A once unnoticed molecular connection may show why obesity is a precursor to type 2 diabetes, according to a recent study published in the journal Science. Endoplasmic reticulum (ER) is integral in the balancing of glucose throughout the liver and other organs. However, researchers showed that when that balance is interfered with by nitric oxide, it can lead to obesity-related inflammation that has an adverse effect on ER. That effect will of course lead to impaired glucose levels, and possibly resulting in type 2 diabetes.
The inflammation starts the sequence of events which is then followed by increased nitric oxide production. The increased production leads to failure of the unfolded protein response, which relieves ER stress and restores function. With this failure, insulin resistance is caused and ultimately type 2 diabetes.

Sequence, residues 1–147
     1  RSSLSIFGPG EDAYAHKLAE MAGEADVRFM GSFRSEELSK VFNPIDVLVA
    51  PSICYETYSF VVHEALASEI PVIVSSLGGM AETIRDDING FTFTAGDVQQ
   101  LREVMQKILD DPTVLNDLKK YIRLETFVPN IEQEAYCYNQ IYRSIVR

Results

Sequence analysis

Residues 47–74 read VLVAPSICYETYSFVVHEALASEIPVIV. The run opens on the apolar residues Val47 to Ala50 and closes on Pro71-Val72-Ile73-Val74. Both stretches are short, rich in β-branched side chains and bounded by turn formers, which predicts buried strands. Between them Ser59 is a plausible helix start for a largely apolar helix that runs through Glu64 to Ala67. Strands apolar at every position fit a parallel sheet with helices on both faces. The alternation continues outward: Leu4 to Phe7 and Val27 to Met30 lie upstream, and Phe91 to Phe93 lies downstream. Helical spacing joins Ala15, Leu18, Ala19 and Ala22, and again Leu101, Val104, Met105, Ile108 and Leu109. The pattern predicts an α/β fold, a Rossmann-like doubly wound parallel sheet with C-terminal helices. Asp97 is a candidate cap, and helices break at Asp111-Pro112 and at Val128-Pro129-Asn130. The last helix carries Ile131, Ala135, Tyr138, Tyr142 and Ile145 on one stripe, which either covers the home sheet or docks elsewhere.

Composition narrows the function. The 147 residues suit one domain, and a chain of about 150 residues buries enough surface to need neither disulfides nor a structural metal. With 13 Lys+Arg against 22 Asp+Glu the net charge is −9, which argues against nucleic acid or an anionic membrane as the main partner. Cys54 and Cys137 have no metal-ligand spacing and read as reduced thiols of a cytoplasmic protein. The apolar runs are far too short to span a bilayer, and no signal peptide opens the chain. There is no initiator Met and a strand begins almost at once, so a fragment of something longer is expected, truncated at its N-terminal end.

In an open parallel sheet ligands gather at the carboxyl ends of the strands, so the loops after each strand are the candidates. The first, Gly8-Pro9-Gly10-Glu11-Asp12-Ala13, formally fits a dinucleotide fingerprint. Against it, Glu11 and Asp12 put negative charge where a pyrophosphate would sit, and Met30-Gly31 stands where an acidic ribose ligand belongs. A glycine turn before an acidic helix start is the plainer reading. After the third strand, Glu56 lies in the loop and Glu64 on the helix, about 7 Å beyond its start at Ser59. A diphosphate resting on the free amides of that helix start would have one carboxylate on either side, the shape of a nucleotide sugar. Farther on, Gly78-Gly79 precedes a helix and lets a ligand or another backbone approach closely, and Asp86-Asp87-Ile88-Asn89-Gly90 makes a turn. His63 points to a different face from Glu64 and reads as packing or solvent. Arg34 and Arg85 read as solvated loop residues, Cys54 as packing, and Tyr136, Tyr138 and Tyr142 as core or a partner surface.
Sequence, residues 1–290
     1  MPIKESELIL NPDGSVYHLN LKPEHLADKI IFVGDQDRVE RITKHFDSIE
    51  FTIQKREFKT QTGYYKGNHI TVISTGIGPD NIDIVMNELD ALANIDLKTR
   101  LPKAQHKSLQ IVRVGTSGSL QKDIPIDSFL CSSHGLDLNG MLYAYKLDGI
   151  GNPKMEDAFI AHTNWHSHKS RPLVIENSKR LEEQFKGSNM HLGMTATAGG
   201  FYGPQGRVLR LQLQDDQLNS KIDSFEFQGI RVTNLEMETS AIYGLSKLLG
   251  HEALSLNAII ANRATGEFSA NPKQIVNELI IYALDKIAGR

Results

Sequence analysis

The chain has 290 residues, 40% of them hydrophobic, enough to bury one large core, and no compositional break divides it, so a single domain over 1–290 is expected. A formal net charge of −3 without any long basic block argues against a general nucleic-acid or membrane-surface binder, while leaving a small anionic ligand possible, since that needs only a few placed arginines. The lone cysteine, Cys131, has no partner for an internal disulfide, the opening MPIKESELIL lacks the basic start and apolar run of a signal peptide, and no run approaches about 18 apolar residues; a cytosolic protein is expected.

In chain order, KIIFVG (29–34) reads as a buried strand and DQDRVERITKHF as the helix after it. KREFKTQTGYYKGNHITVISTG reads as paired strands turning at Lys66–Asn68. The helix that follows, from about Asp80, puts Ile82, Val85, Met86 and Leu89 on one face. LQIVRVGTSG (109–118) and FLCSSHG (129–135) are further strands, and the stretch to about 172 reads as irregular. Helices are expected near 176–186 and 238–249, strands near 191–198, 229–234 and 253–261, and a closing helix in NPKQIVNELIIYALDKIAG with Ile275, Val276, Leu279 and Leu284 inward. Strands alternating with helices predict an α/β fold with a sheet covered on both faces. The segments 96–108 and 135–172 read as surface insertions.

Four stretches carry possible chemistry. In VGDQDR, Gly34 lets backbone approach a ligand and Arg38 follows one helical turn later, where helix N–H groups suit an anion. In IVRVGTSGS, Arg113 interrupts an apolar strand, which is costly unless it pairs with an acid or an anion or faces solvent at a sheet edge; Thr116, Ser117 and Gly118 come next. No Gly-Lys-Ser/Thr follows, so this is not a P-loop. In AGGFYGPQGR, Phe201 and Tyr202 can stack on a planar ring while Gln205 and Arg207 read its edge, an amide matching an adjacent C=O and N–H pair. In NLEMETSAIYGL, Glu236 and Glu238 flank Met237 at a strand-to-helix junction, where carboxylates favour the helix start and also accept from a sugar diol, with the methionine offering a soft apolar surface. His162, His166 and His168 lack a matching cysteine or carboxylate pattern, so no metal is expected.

“These results establish that in an environment suffering from chronic inflammation, cellular organelles (ER) lose their vitality through a specific link that is identified in our study, and suggest that therapies that target inflammatory pathways, including nitric oxide production, could be effective strategies in the treatment of metabolic disease,” says senior author Gokhan S. Hotamisligil, JS Simmons Professor of Genetics and Metabolism and chair of the Department of Genetics and Complex Diseases and the Sabri Ulker Center at Harvard Chan School.